Building an index of indices
The chief obstacle to the institutionalisation of hedge funds is the absence of proper performance evaluation. This is conclusion of a recent report from Edhec Risk and Asset Management Research Centre, part of the Edhec Business School, based in Lille and Nice.
The problem, the report says, is the lack of an acceptable and representative benchmark. Because there is so little information about hedge fund constituents, the normal rules of representativeness through market capitalisation do not apply. As a result finding a benchmark that is representative of a particular management universe is no easy matter.There are plenty of hedge fund indices to choose from, and their number continues to grow (see list) However, the Edhec report suggests there are serious drawbacks to their use.
The most serious is a lack of transparency. Since a hedge fund’s participation in a database is voluntary, the reliability of the data published is often questionable. Hedge fund index providers also have different selection criteria for inclusion in their databases. HFR for example excludes managed futures from its database, while the TASS and MAR databases include them.
As a result, the report suggests, data provided will not be representative of the same management universe.
Nor are indexes really representative of their own database. For example, CSFB uses 431 funds in its indices drawn from a TASS and Tremont database of 3,300 funds (see list). Since the different indices are constructed from different data the report concludes that investors cannot rely on competing hedge fund indexes to obtain a ‘true and fair” view of hedge fund performance.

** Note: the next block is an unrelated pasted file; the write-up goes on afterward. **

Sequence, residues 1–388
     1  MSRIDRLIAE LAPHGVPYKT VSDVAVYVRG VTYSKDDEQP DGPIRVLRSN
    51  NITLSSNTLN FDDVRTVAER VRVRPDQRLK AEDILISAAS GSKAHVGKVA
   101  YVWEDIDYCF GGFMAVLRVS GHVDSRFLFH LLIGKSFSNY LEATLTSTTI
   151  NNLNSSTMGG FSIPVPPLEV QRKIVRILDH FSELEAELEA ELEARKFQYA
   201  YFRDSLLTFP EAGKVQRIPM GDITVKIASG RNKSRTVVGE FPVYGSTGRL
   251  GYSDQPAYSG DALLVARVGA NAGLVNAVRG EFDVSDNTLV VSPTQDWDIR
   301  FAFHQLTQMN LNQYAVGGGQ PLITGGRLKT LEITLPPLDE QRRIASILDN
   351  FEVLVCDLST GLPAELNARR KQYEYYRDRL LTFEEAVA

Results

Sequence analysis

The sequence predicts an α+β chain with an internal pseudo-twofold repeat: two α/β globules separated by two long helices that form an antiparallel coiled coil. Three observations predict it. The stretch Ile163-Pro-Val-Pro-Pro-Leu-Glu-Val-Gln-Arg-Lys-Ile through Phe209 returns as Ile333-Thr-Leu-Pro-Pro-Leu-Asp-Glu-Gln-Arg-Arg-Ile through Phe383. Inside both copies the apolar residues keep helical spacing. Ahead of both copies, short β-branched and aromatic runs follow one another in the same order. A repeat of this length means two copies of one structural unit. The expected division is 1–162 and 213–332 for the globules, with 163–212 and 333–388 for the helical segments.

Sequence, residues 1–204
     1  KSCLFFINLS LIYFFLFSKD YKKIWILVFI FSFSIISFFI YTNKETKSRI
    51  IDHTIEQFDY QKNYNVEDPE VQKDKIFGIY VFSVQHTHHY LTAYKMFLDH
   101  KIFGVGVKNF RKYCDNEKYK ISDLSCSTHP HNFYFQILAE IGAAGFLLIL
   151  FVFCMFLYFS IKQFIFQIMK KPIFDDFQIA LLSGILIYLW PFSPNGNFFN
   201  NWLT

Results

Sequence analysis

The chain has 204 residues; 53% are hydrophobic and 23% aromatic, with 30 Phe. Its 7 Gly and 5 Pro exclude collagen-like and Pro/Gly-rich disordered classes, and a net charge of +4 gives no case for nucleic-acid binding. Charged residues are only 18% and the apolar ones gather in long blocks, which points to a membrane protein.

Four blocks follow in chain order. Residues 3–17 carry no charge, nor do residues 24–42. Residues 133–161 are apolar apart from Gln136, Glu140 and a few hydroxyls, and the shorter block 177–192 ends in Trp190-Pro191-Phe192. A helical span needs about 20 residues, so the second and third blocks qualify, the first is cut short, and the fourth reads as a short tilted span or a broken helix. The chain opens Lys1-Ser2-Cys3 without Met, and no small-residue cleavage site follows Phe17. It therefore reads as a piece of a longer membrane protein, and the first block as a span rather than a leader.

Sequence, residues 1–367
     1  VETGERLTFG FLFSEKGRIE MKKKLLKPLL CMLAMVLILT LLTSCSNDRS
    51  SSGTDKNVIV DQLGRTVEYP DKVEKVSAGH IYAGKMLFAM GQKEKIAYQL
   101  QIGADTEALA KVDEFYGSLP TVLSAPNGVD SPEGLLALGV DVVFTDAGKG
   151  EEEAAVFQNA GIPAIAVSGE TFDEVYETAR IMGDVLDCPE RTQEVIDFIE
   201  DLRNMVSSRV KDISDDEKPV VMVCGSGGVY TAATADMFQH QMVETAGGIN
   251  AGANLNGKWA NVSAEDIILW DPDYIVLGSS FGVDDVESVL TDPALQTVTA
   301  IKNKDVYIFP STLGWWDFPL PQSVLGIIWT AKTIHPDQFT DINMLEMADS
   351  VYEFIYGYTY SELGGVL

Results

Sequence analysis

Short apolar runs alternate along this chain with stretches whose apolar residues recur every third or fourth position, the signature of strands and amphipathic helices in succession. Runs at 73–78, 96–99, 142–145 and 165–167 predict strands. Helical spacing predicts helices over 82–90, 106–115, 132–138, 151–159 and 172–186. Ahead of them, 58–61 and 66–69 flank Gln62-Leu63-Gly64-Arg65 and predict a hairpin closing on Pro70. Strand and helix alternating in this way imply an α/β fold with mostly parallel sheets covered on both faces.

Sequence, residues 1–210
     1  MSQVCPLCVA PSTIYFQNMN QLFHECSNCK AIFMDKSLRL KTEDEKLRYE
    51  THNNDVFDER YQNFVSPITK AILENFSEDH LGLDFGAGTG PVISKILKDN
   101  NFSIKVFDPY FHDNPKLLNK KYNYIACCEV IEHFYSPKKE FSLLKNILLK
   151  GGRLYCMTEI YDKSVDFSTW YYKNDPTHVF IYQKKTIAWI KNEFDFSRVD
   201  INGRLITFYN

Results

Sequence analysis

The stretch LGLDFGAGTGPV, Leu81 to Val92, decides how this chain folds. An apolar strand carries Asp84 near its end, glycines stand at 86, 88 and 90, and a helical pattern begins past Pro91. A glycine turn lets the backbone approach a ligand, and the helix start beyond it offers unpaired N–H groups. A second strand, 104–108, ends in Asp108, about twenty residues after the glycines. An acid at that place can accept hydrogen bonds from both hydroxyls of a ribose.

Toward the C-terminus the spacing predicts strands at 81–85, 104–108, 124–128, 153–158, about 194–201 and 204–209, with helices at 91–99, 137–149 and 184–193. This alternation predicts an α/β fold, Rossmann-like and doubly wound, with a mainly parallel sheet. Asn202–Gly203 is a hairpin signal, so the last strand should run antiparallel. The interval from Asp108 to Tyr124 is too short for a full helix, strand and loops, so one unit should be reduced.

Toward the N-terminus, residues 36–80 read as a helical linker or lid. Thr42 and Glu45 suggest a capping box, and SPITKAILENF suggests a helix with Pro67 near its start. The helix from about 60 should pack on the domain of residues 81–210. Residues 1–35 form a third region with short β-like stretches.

In an attempt to improve this situation, a team from the Edhec Risk and Asset Management Centre floated the idea of an ‘index of indices’. The Edhec team says that, since it is impossible to arrive at an objective judgement of which is the best existing hedge fund index, it might be better to use a combination of all the competing indexes.
This idea has developed into the Edhec Alternative Indexes, the first series of indices of indices in the alternative universe in March last year. The aim of the new index is to provide a benchmark that is more representative and stable than the hedge fund indexes currently available on the market.
One way to build an index of indexes is to simply compute an equally-weighted portfolio of all competing hedge fund indexes available in the market. Such a portfolio would inevitably be more comprehensive than any of the competing indexes themselves.
The Edhec team have extended the logic of this by using factor analysis techniques. Factor analysis is a mathematical tool which can be used to examine a wide range of data sets. Edhec has used it to extract the best possible one dimensional summary of a set of competing hedge fund indexes to design what it calls ‘pure style indexes”
The Edhec approach is to move beyond the idea of an equally weighted portfolio. The aim is to look for the portfolio weights that make the combination of hedge fund indexes capture the largest possible fraction of the information contained in these indexes. In other words, the objective was to reduce as far as possible the loss of information that would result from combining indexes.